With annualized sales approaching $2.8 billion, Novo Nordisk's (NYSE:NVO)Victoza is already a top-selling diabetes drug, but Victoza sales could be about to head even higher. Earlier this month, management released data showing that Victoza can reduce the risk of cardiovascular-related death in diabetes patients. If those study results lead to doctors using Victoza earlier in patient treatment, Victoza revenue could eclipse $3 billion soon.
Tackling a massive problem
Over 415 million people have diabetes worldwide and 640 million people will have the disease in 2040. Sadly, those figures suggest that the number of diabetes-related deaths could soar from the already disheartening 5 million deaths per year.
The majority of those deaths are due to cardiovascular disease that is caused by diabetes. Death rates due to cardiovascular disease are 1.7 times higher among adult diabetics than among non-diabetics. The rates for non-fatal heart attack and stroke are similarly much higher for people suffering from diabetes.
The reason why so many diabetics pass away because of cardiovascular disease is that hyperglycemia, or excess sugar in the bloodstream, can cause arterial blockages, blood clots, and increase blood pressure. All of those things can lead to heart attack and stroke.
Historically, medicine prescribed to treat diabetes boosts insulin levels to control blood sugar levels, but those medicines have failed to reduce the rate of cardiovascular events or death. Insulin is necessary to convert sugar into energy, but the pancreas doesn't produce enough insulin, or the insulin that is produced isn't used by the body properly, in diabetes patients.
However, that could be changing as medicines including GLP-1 agonists, such as Novo Nordisk's Victoza, are becoming available. GLP-1 gets created in response to the eating of proteins, carbohydrates, and fats, and it is a powerful stimulant of insulin production. However, GLP-1 gets broken down by the enzyme DPP-4 within minutes of its creation, making its benefit to diabetes patients short-lived.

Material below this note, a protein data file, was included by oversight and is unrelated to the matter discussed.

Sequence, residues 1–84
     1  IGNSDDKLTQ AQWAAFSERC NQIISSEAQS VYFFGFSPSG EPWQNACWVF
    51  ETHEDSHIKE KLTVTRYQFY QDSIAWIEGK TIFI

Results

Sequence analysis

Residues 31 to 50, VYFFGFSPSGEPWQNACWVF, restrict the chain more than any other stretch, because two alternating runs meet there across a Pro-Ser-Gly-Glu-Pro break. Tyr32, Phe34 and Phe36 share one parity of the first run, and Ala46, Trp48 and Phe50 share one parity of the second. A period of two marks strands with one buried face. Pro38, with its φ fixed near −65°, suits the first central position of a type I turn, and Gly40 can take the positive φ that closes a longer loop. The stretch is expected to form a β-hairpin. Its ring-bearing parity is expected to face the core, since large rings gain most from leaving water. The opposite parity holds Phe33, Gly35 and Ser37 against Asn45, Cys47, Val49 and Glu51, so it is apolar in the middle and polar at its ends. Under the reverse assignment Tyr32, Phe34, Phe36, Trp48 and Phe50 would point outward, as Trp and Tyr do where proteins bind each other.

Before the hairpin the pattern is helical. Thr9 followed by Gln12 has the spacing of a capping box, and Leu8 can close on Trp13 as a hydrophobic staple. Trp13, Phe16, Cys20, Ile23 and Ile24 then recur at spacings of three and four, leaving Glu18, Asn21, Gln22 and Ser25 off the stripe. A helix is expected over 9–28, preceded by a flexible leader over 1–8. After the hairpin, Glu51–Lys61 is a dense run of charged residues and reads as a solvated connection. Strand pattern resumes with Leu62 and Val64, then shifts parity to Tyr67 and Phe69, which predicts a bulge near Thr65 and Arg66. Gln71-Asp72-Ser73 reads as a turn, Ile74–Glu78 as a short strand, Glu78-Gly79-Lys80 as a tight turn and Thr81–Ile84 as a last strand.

Fortunately, researchers developed a way of creating GLP-1 that is resistant to DPP-4 and as a result, these GLP-agonists can be used to prolong GLP-1's impact on insulin production.
While there are multiple GLP-1 agonists now available, Novo Nordisk's is the most successful of them. Last quarter, Victoza sales of $678 million put it on pace for roughly $2.8 billion in revenue this year.
When diabetes drugs are approved by the FDA, the regulator requires cardiovascular outcomes studies get conducted to make sure that they don't increase cardiovascular risk.
In the case of Victoza, that requirement resulted in studies showing that Victoza doesn't increase cardiovascular risk of death, but actually reduces it.
Specifically, Victoza cut the risk of cardiovascular death by 22% versus placebo and it lowered cardiovascular death, non-fatal heart attack or non-fatal stroke by 13% versus placebo.
Significantly reducing cardiovascular death while also reducing non-fatal cardiovascular events is especially important because no other GLP-1 drug has demonstrated that ability.
Victoza is a top-seller, but it's lost a little market share in the past year to Eli Lilly's Trulicity, another GLP-1 agonist that launched recently. Last quarter, Trulicity's sales skyrocketed to $143.6 million from $18.3 million in Q1, 2015.
Victoza's positive cardiovascular data could put the brakes on Trulicity's trajectory. Additionally, the findings could lead to doctors prescribing Victoza earlier in the course of diabetes treatment. If that proves to be the case, then Victoza peak sales could be on their way to $4 billion someday.
Todd Campbell has no position in any stocks mentioned. Todd owns E.B. Capital Markets, LLC. E.B. Capital's clients may have positions in the companies mentioned. Like this article? Follow him on Twitter where he goes by the handle @ebcapital to see more articles like this. The Motley Fool recommends Novo Nordisk. Try any of our Foolish newsletter services free for 30 days. We Fools may not all hold the same opinions, but we all believe that considering a diverse range of insights makes us better investors. The Motley Fool has a disclosure policy.
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